[Counter-Point from BirdChat newsgroup: "I second the praise that Paul gives Lelis Navarrette and Neblina.  However, I cannot join in his warning about Bellavista Lodge.   It is true that Bellavista Lodge has no electricity, that it is lighted by propane gas lights, and that the stairway to the rooms is somewhat steep.  However, the danger of a "disaster" fire appears remote.  Any place without electricity could potentially burn because of a fire from an open flame, although it is not subject to an electrical fire from a short.  And, although the birding in Tandayapa proved quite good, Bellavista was an otherworldly experience: hummers buzzing by our heads, Crimson-mantled Woodpeckers and other bright, showy birds just the other side of the wall.  This place is too good to pass up."  ---  Larry Gardella,, Montgomery, AL]
 [Point from BirdChat newsgroup: "I spent a single night at the Bellavista in July 1998 and find Blakeburn's remarks accurate.  The lack of fire safety concern by the management was absolutely appalling and I made my concerns clear to the owner.  The charms of the Bellavista are considerable - hummers tame enough to stroke, raptors sailing across an unobstructed sky, tanagers just outside the windows - but, I would not go back.  Having survived a devastating fire in my home by crawling out on my belly wearing only my nightclothes, I knew that no one would be able to escape a fire in that structure.  And, one spark would be all that it would take for the place to be totally engulfed in seconds."  --   Nancy L. Newfield, Metairie, Louisiana USA,]
 [Point from BirdChat newsgroup: "I stayed at Bellavista for two nights this past Feb.  The hummers are mind blowing, and I will return some day to get some camcorder footage and more close up and personal time with these stupendous hummers.  However, potential overnight guest at this lodge should be aware of the negatives of this abode.  The first night our group of 3 and guide stayed there, we were placed in a cabin about a mile down the road from the main lodge.  At night, after dinner, a van took us back down to our cabin.  But the foot trail from the road to the cabin was a real downward mud slide that had to be carefully negotiated in the dark due to its slick-ness.  Staying upright was a definite challenge.  Both for myself, who imbibed in entirely too much wine with dinner, and one of the other trip members who had some balance problems due to Parkinson's.
 The next night we stayed in rooms on the 2nd floor of the main lodge.  The propane lanterns are not just standalone lanterns, but propane lines are strung through out the lodge.  It definitely looks like an accident waiting to happen in terms of fire safety.  The place has a mildly unpleasant odor to it.  I'm not sure if this is from the toilets and sewer lines or from the propane.  You are at a rather high elevation at Bellavista, and as there is no heat and as it is very damp in this beautiful cloud forest climate, the cold bites through a warm weather wimp like me very easily.  In the morning, the taps would not work, so we had no water to freshen up or brush teeth with until the help woke up later and turned on the water lines.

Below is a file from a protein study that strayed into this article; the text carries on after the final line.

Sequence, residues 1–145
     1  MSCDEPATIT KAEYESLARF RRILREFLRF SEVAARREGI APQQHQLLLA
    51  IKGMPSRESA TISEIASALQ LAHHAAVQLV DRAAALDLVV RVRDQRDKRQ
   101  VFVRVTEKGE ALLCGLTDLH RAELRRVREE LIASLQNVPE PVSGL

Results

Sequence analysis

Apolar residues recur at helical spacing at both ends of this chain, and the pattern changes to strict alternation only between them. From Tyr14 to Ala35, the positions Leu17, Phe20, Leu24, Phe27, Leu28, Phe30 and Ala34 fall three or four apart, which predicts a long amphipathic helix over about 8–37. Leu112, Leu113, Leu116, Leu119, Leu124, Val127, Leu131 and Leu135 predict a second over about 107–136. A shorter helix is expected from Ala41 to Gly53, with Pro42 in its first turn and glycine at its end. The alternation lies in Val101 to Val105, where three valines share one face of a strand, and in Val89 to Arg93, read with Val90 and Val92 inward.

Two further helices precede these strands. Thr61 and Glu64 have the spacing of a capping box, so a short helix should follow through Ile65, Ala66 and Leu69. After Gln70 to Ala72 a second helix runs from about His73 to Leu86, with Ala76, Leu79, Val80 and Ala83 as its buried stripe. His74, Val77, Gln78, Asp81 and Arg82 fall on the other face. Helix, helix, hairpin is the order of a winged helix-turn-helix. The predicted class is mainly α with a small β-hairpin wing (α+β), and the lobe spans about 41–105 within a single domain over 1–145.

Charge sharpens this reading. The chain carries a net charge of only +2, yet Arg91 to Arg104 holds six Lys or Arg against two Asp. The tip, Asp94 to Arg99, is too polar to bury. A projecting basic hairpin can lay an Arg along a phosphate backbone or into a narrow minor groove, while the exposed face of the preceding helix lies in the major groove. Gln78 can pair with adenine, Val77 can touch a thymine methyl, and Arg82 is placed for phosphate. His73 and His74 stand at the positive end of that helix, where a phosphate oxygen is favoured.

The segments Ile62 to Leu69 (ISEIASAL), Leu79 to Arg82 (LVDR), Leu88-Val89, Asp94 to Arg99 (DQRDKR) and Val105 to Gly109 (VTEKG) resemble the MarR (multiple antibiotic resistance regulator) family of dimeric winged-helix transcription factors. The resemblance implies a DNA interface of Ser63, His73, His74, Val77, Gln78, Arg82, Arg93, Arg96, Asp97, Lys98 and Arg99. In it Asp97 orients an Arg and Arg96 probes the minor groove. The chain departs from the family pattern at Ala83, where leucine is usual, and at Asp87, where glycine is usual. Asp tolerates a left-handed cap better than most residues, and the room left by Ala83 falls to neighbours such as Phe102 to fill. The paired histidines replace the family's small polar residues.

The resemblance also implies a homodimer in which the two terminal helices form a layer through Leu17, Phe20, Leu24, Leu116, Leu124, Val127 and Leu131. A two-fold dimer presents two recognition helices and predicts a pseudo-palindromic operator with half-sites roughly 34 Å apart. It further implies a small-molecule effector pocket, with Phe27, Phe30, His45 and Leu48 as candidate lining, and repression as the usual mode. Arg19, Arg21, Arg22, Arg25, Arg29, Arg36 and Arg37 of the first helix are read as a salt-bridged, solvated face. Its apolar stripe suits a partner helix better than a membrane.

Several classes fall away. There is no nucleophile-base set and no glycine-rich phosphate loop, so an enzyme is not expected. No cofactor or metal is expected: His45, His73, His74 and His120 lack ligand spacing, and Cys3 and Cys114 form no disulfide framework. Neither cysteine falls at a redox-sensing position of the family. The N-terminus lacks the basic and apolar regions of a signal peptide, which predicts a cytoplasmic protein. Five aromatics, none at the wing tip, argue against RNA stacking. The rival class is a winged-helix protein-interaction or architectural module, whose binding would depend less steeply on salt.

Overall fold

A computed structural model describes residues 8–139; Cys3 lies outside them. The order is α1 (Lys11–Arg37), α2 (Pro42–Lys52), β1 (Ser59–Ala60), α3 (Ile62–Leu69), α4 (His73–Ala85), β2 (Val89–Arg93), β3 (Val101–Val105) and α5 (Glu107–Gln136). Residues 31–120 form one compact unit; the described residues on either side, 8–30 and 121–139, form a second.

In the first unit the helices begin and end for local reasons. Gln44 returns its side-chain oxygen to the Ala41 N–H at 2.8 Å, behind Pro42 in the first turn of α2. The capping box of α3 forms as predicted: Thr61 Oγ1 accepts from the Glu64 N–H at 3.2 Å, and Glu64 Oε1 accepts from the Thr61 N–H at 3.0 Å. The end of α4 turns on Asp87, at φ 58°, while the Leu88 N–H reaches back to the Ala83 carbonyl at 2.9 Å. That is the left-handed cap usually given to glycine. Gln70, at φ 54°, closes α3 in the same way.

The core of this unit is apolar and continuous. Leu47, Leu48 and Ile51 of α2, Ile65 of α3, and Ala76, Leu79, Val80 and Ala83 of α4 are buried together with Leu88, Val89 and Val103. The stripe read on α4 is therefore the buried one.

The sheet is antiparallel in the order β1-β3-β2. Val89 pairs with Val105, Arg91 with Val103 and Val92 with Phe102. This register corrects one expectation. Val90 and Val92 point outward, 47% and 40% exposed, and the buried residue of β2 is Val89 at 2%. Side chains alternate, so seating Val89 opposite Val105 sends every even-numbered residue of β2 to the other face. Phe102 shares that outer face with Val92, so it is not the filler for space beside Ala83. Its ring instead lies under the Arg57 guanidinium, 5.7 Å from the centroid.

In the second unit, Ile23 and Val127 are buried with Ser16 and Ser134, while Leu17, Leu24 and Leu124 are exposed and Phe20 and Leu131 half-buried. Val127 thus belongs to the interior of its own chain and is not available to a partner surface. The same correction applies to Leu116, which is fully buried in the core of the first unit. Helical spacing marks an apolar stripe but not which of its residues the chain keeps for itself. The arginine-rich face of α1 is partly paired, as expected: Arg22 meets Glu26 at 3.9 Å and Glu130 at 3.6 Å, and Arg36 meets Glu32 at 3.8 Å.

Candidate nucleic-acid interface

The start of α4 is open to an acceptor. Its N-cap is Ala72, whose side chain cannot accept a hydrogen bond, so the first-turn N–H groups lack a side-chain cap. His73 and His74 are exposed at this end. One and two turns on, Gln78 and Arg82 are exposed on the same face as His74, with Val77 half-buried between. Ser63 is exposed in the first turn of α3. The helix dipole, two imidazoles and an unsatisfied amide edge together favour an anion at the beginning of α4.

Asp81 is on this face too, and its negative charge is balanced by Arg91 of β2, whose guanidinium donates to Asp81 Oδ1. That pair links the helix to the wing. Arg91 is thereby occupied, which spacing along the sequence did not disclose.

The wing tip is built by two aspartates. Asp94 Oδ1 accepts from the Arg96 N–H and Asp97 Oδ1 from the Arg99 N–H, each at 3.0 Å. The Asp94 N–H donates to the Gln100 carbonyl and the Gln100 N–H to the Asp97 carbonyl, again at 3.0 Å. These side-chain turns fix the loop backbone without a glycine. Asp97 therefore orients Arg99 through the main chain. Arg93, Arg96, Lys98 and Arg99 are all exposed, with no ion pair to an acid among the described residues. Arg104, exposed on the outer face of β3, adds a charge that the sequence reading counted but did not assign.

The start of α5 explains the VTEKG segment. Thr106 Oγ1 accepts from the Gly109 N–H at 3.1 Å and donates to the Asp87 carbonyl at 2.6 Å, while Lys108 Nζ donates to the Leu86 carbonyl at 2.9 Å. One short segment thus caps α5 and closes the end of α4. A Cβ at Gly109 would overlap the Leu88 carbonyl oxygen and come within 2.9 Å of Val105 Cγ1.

In addition, I'll be surprised if Bellavista remains upright in the future as it sits on a hilly precipice that has required constant reinforcing on several sides with chicken wire.  If Bellavista doesn't burn down first, it will probably eventually slide off the crumbling slope that it sits upon.  In the mean time, if flames do engulf the lodge, one would have a long jump down a steep slope to escape.  All this said, I would still stay there again."  ---   Stella Aquilina, Annandale VA,]

 [Point from BirdChat newsgroup: "My wife and I stayed in the Bellavista Lodge in March of this year.  It is indeed located in a fabulous habitat, and its attendant humminbirds are phenomenal.  However, the lodge is a dump, a firetrap, too small, poorly designed, and everything else that has been written.  The sprherical design makes the rooms extremely tiny, especially the showers.  I used the semienclosed outdoor shower that the staff used.  Bellavista is the brainchild of a rather eccentric expatriot Brit who has his own way of doing things.  I admire the spirit, but not the realization of his dream.  The point may be rendered moot by a new lodge which is being built by a group of Australians on a nice piece of land nearer town down below.  It may be open by now.  I'm sure the tour companies who specialize in Ecuador would know." ---  David R Ferry, Yucaipa, CA,]

 [Point from BirdChat newsgroup: "The name of the new lodge is Tandayapa Bird Lodge or Tandayapa Valley Bird Lodge.  They have a website address available, as does Bellavista.  From accounts, I expect that Tandayapa will be more comfortable and safer.  In defense of the birding in the Bellavista area, I would like to comment.  There are few rivals in birding experiences to me than to awaken to the mournful song of the Common Potoo.  Observing from the balcony, the Potoo throws back his head and sings from his perch on a dead snag, back-lit by the midnight blue of the pre-dawn sky.  A Beautiful Jay calls as dawn breaks, moving from tree to tree along the balcony.  The dawn chorus erupts with an enthusiasm never before experienced by me.  During the day, the flocks move in to the "fig" tree that overhangs the balcony area, saturated with tanagers, grosbeaks, flycatchers, and numerous other species.  The hummers alight on one's fingers when held next to the feeders on the porch area.  Along the road are too many species to name, including Plate-billed Mountain Toucans and Toucan Barbets.  An absolute haven for birds and birders.